Double-A Binghamton pitcher Collin McHugh, an 18th-round pick in 2008 who hails from Atlanta, chronicles his life as a Mets minor leaguer on his personal blog, "A Day Older, A Day Wiser." He will periodically have those entries carried on ESPNNewYork.com as well.Courtesy of Binghamton Mets
It should have been just another day. Nothing was particularly special about it. For the last five years I have been throwing bullpens (defined as a session of throwing from the mound to a catcher in between starts) regularly. By regularly I mean once every five days during the season and about 10-12 during the offseason. Let's say 40 per year, for five years ... that's a total of roughly 200 bullpens. It should be easy by now, right? Wrong.
I warmed up like I always do. Playing catch out to about 100 feet and working my way back in, throwing changeups and sinkers as I work the ball down to my partner's knees. Once my arm felt warm (a term that is very relative in the Binghamton cold) I headed to the bullpen mound. There are always a couple relievers that like to throw a few pitches off the mound every day, so I let them go first. Sitting behind them and watching intently just in case I can pick up, I felt good. There was absolutely nothing special about this particular side session. It was now my turn to throw. I toed the rubber and began.
With the catcher up in front of home plate I threw a few fastballs away to get the feel of the decline. It's a different sensation than throwing on flat ground and at times it can be tough to get your timing correct when you add the slope. I didn't skip any up there nor throw any to the backstop, but I also didn't hit the mitt once. I motioned for the catcher to head back behind the dish. As always, he did as he was told. Now the week before, I was having trouble with throwing the ball to my glove side (in to a lefty, away from a righty), so my pitching coach decided a little visual tool might help my concentration and execution. He told the catcher to set up a tiny cone on the outside corner of the plate. The catcher, again, did as he was told. My goal was to throw the ball right above that cone and repeat the feel of doing it consistently. My first three or four pitches were close, but not quite where I wanted. I'm a perfectionist. I demand more of myself than most. The next couple pitches were even further off target. I pulled a fastball way outside and then left one right over the heart of the plate.
The pendulum of adjustments were swinging to both extremes. I could feel my blood pressure begin to rise. I stepped off the rubber, took a deep breath and tried my best to regain concentration. Deciding that throwing glove side wasn't working, I moved the catcher to the other side of the plate. He did as he was told. I threw a good sinker. It had depth. It was firm. It felt right. All I had to do was repeat that same pitch and build some muscle memory. I bounced the next one 55 feet. It hit the catcher in the chest and shot some dirt into his mask. He wiped down his face, looked at the ball to see if it had any scuffs and threw it back. Why was this so hard today?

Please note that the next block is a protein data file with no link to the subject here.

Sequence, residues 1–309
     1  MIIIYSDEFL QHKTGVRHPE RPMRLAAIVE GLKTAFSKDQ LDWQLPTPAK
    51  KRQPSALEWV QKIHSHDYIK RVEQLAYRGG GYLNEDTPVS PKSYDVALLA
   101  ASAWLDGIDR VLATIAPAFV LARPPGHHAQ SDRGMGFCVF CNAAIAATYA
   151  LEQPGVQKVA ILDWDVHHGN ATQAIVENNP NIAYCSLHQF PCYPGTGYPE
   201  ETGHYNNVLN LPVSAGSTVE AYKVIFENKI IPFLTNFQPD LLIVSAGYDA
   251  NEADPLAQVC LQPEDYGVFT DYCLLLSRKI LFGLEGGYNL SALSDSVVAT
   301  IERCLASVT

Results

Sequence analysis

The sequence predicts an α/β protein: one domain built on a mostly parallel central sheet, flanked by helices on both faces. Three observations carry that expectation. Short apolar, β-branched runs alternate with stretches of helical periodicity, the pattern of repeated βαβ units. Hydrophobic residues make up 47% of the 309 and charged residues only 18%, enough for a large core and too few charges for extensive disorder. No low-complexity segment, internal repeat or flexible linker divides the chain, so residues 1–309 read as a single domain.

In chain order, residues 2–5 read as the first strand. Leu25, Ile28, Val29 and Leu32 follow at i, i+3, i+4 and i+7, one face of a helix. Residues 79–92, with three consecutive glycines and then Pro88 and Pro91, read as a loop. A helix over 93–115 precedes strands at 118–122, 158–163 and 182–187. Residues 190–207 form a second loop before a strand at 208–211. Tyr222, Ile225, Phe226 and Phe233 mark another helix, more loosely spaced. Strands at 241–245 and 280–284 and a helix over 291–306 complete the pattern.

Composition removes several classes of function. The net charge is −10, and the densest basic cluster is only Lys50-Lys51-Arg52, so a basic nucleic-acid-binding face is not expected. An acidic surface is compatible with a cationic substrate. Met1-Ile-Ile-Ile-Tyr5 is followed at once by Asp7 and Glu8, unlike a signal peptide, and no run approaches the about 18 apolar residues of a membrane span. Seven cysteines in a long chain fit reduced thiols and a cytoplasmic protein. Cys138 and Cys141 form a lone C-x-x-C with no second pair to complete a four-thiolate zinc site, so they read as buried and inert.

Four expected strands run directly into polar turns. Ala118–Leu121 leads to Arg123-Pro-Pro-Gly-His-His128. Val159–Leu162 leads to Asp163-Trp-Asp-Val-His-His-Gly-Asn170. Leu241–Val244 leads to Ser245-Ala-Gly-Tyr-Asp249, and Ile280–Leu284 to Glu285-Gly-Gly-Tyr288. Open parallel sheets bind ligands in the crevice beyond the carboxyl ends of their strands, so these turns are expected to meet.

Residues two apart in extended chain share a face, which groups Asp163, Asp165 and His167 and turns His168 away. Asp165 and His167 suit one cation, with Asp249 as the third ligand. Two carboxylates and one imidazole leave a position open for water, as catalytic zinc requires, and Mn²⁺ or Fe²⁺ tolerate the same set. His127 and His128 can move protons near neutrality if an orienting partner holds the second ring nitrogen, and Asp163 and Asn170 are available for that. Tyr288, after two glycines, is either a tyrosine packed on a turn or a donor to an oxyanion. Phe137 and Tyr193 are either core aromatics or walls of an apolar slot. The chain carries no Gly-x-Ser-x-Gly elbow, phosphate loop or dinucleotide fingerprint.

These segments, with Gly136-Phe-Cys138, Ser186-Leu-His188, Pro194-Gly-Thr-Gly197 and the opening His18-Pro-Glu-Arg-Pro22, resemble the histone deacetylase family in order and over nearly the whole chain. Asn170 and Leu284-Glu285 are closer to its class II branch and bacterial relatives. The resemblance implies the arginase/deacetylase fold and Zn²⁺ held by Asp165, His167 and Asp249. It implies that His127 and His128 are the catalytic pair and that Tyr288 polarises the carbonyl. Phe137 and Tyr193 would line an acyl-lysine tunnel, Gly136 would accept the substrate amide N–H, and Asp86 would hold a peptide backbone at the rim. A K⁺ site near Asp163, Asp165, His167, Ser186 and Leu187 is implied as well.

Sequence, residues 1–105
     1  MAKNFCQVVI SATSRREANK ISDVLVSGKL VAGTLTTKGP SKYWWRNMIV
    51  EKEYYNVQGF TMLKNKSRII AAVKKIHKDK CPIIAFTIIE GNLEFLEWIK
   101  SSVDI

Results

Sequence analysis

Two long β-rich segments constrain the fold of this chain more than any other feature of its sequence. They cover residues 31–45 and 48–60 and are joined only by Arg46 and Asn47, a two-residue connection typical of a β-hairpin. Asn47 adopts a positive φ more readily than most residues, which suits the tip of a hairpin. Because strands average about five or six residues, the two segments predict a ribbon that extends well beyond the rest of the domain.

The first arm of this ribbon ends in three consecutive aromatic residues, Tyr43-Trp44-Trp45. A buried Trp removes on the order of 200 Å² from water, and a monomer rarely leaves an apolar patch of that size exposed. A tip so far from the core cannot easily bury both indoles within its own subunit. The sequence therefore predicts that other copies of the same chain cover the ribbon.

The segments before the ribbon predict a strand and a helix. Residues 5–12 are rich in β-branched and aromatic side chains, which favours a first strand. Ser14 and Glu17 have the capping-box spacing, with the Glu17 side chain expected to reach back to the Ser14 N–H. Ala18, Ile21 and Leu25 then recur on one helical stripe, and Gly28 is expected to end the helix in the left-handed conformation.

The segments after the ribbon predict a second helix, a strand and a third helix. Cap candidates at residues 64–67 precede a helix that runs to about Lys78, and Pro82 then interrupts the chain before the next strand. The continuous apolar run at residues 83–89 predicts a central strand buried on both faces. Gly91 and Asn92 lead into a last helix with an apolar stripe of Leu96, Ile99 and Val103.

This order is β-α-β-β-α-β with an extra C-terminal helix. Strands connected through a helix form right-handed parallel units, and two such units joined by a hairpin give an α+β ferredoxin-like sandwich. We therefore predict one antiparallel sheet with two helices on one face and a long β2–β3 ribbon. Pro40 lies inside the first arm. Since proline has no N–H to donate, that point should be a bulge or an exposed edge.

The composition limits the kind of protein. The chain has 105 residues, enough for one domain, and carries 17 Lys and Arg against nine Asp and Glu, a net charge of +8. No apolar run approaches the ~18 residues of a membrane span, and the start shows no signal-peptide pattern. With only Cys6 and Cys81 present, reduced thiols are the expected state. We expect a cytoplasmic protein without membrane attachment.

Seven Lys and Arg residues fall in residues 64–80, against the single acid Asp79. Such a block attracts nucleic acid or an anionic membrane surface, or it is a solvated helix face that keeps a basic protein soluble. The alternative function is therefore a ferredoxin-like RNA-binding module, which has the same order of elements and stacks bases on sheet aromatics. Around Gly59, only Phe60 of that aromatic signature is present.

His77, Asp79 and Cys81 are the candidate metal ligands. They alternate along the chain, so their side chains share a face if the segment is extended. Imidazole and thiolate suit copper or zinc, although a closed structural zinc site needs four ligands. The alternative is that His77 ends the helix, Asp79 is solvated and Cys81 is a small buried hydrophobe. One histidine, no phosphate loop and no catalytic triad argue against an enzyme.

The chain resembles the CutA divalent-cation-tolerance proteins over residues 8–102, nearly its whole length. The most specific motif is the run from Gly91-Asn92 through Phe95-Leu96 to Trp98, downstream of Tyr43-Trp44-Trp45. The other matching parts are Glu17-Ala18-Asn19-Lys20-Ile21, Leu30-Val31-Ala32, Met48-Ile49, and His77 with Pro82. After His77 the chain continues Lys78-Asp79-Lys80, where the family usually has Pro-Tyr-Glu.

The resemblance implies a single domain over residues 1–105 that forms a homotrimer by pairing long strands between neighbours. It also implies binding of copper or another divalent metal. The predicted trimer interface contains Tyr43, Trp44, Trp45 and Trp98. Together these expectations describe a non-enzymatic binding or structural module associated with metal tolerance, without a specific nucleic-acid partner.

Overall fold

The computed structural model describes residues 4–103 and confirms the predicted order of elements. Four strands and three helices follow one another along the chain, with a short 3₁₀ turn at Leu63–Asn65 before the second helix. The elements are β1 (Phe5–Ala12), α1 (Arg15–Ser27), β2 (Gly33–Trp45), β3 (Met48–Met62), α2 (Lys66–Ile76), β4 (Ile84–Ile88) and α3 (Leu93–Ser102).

I figured at the very least I could throw a few offspeed pitches to get a feel for the ball, then I would go back to the fastball. Changeup ... ball. Cutter ... backstop. Curve ... bounced. The catcher stood up and took his mask off. He motioned to me to calm down a bit. Tossing me the ball, I speared it with my glove in disgust. There were five more pitches in my bullpen. I knew that with just five good strikes I could right my world and feel completely prepared for my next outing. It was time to concentrate. Time for the focus that got my where I am today. For goodness sake, I'm a professional athlete. This shouldn't be so hard.
As any reader could probably guess, the next five pitches were progressively worse. The last pitch skipped up to the already worn out catcher. He snagged it and tossed it back, thankful that the monstrosity of a bullpen was over. Fuming and ready to make a scene, I caught the ball and proceeded to hurl it about 100 feet over the fence. I shook my catcher's hand and walked away without a word. No one said anything. The other pitchers who were watching just stared, wide-eyed. I was usually the calm one. The one that doesn't get rattled. The "professor." Not so that day. I did my running and my workout and hoped that the memory of that side would quickly fade. It didn't.
I stewed over it for the next hour. Beating myself up over the lack of focus and poor execution. I would define it as sulking, but that would be an understatement. My pitching coach, the witness to the day's tragedy, saw me by my locker and came by for a word.
"We all have days like this, Mac. Don't beat yourself up about it. Gotta have short memory. Real Short."
Good advice from a man with years of experience with anxiety-ridden pitchers like myself. I took it to heart and acted as if it literally never happened. Easier said than done, but I was determined to leave it where I left it ... 100 feet over the fence.
Silver lining: I threw six innings two days later. I was sharp. The bad bullpen was far behind me and the road ahead was clear. For such a heady game, baseball is a sport where a short memory is an undervalued asset. Some days you learn from mistakes, take in a lesson and build on it for the next time around. Some days, however, you just need to throw out. They aren't you and they aren't productive. You just have to throw them out and start fresh the next day.
The lesson for the day is to categorize which ones to learn from and which ones to toss over the fence.